Not for the first time and almost certainly not for the last, this mercurial bunch of Manchester United players served up a night’s work that defied cogent analysis. They should have been buried by Brentford in the first half but turned up for the second and pulled clear with exceptionally-worked goals from Anthony Elanga, Mason Greenwood and the substitute Marcus Rashford. Some of their speed and slickness after the break bore the hallmarks of Ralf Rangnick, who will be delighted by the eventual shift in gear. Ivan Toney’s late consolation was the least his side deserved and Brentford will rue a number of missed chances.
Brentford would like Christian Eriksen to help add guile to their customarily high-octane approach but their existing forces proved more than capable of asking questions. They pegged United back in the early exchanges, a booming long throw from Mads Bech Sørensen setting the tone, and Mathias Jensen could have done better than snatch a volley harmlessly wide after a clearance sat up for him on the edge of the area.
Rangnick had kept faith with Elanga, who was bright in the wasteful draw at Aston Villa, while reintroducing the newly-available Cristiano Ronaldo and Scott McTominay. When Elanga found several yards of space beyond the far post and looped a header across goal, the league debutant Jonas Lössl’s uncertain punch forced rapid evasive action from Sergi Canós as attackers lurked.
That was scratchy defending, but United soon topped it in a chaotic spell that saw Brentford come close four times in two minutes. When a loose pass at the back allowed Christian Nørgaard to send Jensen away, the angle favoured the home midfielder rather than David de Gea. But the finish was tame and De Gea could save with a foot; the ball stayed live and, as bodies piled into the box, Vitaly Janelt’s shot was deflected narrowly off target.
Almost immediately afterwards, shambolic attempts to deal with a Brentford corner allowed Sørensen a snap shot that looked goalbound until Alex Telles, who knew little about his intervention, snicked it behind. Brentford were not done: the whirlwind of pressure ended with Nørgaard blazing over after Jensen’s knockback and, much like his compatriot moments previously, could curse himself for not opening the scoring.
United should have been behind. As proceedings took a consistent shape they dominated the ball but rarely caused Brentford, who were willing to sit deep in the safe knowledge that they could wreak havoc on the counter, any flutters. Diogo Dalot shot wide with a respectable effort from distance but, whenever Brentford broke, the visitors’ shape was all over the place. In the 33rd minute the point was made again when Ivan Toney pulled out to the left and, with three forwards faced by a single defender, could offer Jensen the chance to make amends. The midfielder was through again but, as with his earlier chance, opted against putting his foot through the ball. He went for precision and, in an identical sequence, De Gea repelled with his left leg.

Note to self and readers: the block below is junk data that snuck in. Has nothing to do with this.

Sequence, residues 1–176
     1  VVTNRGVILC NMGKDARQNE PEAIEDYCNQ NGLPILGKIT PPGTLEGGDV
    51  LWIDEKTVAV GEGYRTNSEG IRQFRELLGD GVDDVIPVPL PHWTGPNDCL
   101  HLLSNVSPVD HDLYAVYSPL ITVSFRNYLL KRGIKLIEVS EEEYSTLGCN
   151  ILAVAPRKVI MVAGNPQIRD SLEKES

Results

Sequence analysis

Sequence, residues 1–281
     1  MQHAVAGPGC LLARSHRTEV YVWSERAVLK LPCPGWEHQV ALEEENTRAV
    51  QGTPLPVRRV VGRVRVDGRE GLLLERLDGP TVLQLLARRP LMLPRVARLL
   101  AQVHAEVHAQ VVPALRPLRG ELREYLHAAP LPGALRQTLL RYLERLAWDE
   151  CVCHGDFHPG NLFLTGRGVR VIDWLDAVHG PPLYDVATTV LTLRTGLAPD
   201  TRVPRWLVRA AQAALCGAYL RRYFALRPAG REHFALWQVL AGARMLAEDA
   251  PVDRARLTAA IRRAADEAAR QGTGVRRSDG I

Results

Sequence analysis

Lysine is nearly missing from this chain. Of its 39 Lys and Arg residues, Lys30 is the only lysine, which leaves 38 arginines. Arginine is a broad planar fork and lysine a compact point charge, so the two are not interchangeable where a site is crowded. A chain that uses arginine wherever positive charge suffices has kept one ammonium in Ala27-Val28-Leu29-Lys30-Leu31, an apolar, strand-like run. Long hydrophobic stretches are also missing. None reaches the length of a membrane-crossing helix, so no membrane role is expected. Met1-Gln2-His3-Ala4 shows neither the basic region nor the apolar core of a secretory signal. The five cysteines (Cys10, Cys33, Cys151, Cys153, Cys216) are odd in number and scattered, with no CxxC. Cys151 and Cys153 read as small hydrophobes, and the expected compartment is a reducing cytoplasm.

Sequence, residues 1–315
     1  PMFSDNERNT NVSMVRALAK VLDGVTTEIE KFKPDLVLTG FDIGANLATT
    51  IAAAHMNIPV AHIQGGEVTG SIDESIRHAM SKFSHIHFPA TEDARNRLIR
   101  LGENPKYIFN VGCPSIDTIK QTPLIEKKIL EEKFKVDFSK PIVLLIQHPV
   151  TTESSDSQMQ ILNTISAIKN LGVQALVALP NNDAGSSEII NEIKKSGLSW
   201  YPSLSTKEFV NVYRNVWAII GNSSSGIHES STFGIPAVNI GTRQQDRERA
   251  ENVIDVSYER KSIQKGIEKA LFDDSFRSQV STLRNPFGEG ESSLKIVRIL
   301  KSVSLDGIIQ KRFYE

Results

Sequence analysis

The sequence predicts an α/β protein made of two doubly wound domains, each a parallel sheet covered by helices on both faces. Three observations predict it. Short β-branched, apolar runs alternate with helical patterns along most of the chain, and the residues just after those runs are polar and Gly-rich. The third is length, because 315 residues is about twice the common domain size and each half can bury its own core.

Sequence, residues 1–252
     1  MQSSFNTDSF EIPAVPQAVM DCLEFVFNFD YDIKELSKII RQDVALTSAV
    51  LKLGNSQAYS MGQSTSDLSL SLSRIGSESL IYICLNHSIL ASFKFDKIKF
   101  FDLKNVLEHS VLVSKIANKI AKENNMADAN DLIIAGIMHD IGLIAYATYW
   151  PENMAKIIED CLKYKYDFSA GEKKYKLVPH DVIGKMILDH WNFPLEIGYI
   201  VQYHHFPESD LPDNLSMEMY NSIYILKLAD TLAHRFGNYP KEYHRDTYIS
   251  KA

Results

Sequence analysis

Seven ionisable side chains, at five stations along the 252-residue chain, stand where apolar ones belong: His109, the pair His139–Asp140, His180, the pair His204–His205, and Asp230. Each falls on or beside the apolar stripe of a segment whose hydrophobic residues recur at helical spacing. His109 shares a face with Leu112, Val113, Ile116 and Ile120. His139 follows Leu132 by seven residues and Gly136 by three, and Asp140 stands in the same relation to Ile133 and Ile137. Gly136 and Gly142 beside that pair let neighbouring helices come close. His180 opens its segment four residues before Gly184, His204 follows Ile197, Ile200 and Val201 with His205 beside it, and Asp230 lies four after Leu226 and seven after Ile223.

The half had passed United by, although they forced a late corner when Elanga fleetingly got away on the left. Rangnick cannot be expected to coax a sustained breakneck tempo out of his charges in a mere period of months but the difference in the sides’ intensities was stark.
It is not a new theme, but it can quickly be patched over by one of United’s disparate individuals. Two minutes after the interval Ronaldo almost did what he so often does, meeting Bruno Fernandes’ chipped cross and heading onto the bar with Lössl nowhere. A corner resulted and Brentford sprung upfield with Jensen yet again the player in space. From the most difficult of his opportunities, he shot straight at De Gea.
There was a sense of inevitability that Brentford would regret his wastefulness. United’s passing had exuded a mite more purpose since half-time and it was a ball of supreme, if uncharacteristic, ingenuity that carved the Bees open. Fred took their back line out with a clipped, deftly angled ball from deep that found Elanga making an equally intelligent run into the box. His first touch controlled the ball and, with Lössl offering little challenge as it sat up, his second was a purposeful header into the corner.
The complexion had changed for good. Brentford attempted to rally but could not regain their elasticity. Lössl bundled a McTominay shot behind and a quick second goal appeared likely. It came after a chested pass from Ronaldo sent Fernandes running clear and Greenwood, hitherto invisible, profited from an unselfish pass across.
United had shown their opponents how to be lethal on the counter and another lesson followed. Rashford had recently replaced Greenwood and scored his first goal since 30 October with conviction after excellent work from McTominay had let Fernandes tee him up. Toney’s bundled late effort meant little.